In keeping with February’s theme of love and heart-focused health, we want to redefine the concept of love on a grander scale: Showing love, support, and investment in society and the communities we call home. And new research shows that doing good isn’t just good for those around us. In fact, volunteering and showing love to our neighborhood, workplace, school, and other social circles we move in has been shown to bring about significant health benefits for your body, mind and immune system.

Love For Your Neighborhood: The Health Benefits of Doing Good

In a groundbreaking report published in the peer-reviewed scientific journal BMC Public Health, scientists outlined a series of health benefits when it comes to doing good, volunteering, contributing to society, and living a life of love and generosity. Let’s break down some of the fascinating results in this wide-ranging report.

1. You’ll Boost Your Brain Health

If you want to think clearer, have more breakthroughs, and experience new levels of focus, creativity and innovation, try doing something good for those around you.

According to researchers at John Hopkins University, people who volunteer regularly showed significant improvements in brain functioning.

This is important for people of all ages, but especially pertinent to those of us who are older and worried about aging-related cognitive decline. It all starts with love!

2. You’ll Experience General Improvements in Wellness and Health

Worried about your physical health, mental health, and immune health? Take your regular BioPro Plus-500 supplements (an effective way to support a strong immune system) and get out there to show some love to your community! According to the Mayo Clinic Health System, acts of kindness and volunteerism boost numerous significant markers of wellness.

“Research has found that volunteering among adults, age 60 and over, provided benefits to physical and mental health, and volunteers report better physical health than do nonvolunteers,” explains the Mayo Clinic Health System’s doctors. “Research also has shown that volunteering leads to lower rates of depression and anxiety, especially for people 65 and older.”

This may be because doing acts of love for others triggers the release of dopamine and other feel-good hormones. “By spending time in service to others, volunteers report feeling a sense of meaning and appreciation, both given and received, which can have a stress-reducing effect,” notes the Mayo Clinic. “Reduced stress further decreases risk of many physical and mental health problems, such has heart disease, stroke, depression, anxiety and general illness.”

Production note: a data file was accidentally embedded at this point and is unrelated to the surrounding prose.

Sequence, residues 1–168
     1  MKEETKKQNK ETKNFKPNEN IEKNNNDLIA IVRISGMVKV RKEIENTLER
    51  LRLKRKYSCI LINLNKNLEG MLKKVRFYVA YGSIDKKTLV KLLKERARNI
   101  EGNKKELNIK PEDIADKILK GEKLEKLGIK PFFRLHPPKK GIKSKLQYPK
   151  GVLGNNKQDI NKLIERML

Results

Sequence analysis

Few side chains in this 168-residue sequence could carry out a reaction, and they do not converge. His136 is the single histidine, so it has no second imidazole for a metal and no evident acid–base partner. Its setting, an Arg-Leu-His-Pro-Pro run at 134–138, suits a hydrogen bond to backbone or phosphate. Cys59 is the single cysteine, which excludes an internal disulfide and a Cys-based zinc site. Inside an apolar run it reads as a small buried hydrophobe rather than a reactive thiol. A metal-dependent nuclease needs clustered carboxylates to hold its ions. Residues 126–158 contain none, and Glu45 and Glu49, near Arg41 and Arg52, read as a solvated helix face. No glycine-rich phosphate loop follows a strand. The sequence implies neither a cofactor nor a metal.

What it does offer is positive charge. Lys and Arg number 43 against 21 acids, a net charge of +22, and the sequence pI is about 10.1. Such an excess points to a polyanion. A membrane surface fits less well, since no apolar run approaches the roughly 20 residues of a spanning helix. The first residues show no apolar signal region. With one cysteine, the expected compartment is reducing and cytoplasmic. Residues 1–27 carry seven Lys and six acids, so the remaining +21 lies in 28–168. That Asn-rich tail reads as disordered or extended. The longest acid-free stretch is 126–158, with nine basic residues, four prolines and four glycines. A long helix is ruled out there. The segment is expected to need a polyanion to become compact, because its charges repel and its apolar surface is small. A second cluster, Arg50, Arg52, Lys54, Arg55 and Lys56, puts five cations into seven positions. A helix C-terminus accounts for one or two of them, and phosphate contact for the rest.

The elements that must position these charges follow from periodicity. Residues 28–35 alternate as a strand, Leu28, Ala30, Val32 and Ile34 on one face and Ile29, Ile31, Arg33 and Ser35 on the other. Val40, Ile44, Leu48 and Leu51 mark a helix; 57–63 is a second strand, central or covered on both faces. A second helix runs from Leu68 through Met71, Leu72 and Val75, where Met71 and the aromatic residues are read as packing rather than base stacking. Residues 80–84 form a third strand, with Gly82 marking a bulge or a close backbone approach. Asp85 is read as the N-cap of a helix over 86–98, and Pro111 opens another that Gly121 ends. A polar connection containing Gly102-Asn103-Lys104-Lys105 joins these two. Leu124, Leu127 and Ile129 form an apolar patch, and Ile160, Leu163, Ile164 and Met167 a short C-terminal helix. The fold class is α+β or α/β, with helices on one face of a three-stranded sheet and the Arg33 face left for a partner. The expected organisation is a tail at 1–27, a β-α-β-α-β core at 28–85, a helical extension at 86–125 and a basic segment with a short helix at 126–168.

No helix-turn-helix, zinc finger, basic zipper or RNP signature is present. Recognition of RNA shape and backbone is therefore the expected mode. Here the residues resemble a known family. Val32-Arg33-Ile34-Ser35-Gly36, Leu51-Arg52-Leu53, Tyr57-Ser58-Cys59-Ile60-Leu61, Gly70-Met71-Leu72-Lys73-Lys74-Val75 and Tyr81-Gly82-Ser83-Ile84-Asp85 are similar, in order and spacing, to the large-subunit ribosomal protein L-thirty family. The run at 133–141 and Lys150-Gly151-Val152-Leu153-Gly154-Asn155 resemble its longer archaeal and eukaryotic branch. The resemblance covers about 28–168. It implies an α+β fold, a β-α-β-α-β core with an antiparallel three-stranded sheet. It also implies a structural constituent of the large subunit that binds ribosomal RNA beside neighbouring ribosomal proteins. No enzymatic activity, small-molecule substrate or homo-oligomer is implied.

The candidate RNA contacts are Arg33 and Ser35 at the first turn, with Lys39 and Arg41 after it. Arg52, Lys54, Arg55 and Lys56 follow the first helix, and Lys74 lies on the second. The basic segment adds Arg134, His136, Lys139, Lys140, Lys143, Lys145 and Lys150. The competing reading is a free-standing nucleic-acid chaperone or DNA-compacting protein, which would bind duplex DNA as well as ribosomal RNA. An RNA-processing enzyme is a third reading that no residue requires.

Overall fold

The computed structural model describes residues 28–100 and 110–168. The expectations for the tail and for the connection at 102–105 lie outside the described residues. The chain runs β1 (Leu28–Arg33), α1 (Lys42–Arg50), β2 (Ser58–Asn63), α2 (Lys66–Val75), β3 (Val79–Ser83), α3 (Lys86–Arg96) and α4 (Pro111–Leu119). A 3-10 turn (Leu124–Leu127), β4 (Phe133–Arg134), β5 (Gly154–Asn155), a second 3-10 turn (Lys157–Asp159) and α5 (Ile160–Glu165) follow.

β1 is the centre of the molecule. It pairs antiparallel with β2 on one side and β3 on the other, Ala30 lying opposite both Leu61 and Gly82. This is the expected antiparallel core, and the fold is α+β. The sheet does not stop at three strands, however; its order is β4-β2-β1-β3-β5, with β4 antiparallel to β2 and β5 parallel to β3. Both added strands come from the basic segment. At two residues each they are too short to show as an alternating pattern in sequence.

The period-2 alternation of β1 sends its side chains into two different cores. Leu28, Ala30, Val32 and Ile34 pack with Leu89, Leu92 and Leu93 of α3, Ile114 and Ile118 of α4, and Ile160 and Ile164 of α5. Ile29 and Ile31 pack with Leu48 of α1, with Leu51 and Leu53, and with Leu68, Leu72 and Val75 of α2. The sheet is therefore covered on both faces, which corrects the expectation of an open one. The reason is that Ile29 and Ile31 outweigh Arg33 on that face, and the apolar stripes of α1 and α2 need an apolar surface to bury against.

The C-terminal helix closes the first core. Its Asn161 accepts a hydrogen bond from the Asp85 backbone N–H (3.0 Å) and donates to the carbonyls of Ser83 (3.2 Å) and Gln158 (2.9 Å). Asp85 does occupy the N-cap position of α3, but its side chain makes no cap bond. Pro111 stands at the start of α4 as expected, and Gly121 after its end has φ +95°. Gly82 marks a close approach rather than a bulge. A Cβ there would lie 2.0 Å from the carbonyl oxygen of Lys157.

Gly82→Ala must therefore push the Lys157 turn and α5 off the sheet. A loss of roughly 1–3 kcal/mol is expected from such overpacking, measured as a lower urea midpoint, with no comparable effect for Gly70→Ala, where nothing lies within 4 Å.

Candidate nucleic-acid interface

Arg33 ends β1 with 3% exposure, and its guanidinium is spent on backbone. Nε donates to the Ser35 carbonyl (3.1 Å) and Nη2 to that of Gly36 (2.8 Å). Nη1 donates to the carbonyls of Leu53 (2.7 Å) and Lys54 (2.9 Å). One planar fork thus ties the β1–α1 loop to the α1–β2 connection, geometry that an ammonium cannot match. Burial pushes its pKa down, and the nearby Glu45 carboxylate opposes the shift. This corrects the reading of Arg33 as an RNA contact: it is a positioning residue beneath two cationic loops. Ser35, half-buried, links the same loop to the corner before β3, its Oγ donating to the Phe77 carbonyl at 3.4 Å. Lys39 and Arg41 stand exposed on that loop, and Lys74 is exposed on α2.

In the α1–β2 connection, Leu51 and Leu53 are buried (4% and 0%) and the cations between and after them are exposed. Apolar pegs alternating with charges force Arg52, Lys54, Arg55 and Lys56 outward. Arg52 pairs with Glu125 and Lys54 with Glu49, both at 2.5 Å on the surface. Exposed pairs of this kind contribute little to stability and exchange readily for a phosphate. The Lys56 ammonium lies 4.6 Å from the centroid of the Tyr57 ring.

3. You’ll Feel More Connected, and Connectedness Equals Health

“People who feel socially isolated or detached, or experience a chronic threat of social losses, experience an upregulation in inflammatory genes and a downregulation in immune response genes,” says researcher Steven Cole, PhD, in an interview with Stanford Health.

In everyday language, social connection helps increase your immune system’s ability to respond to threats. And doing acts of love and kindness to others in your community is one of the most effective ways to maintain healthy, positive social connections.

Ready to power-up your health through showing love to others? Try these ideas:

  • Find an organization that specializes in a cause or social issue you’re passionate about, and ask about volunteer opportunities
  • Invite your family and friends to pick up street litter or clean up a local beach or lake
  • Ask your neighbors if you can help with yard cleanup, etc.
  • Walk dogs at the local humane society, or play with kittens waiting for adoption at a shelter
  • Tutor at community centers, schools, etc.
  • Cook and serve meals at local soup kitchens, shelters, etc.

Together, we can show the world more love. And in doing so, show our own bodies more love, too.


  • https://bmcpublichealth.biomedcentral.com/articles/10.1186/s12889-017-4561-8
  • http://www.futurity.org/brain-benefit-for-seniors-who-volunteer/
  • https://www.mayoclinichealthsystem.org/hometown-health/speaking-of-health/3-health-benefits-of-volunteering
  • https://scopeblog.stanford.edu/2012/08/09/the-scientific-importance-of-social-connections-for-your-health/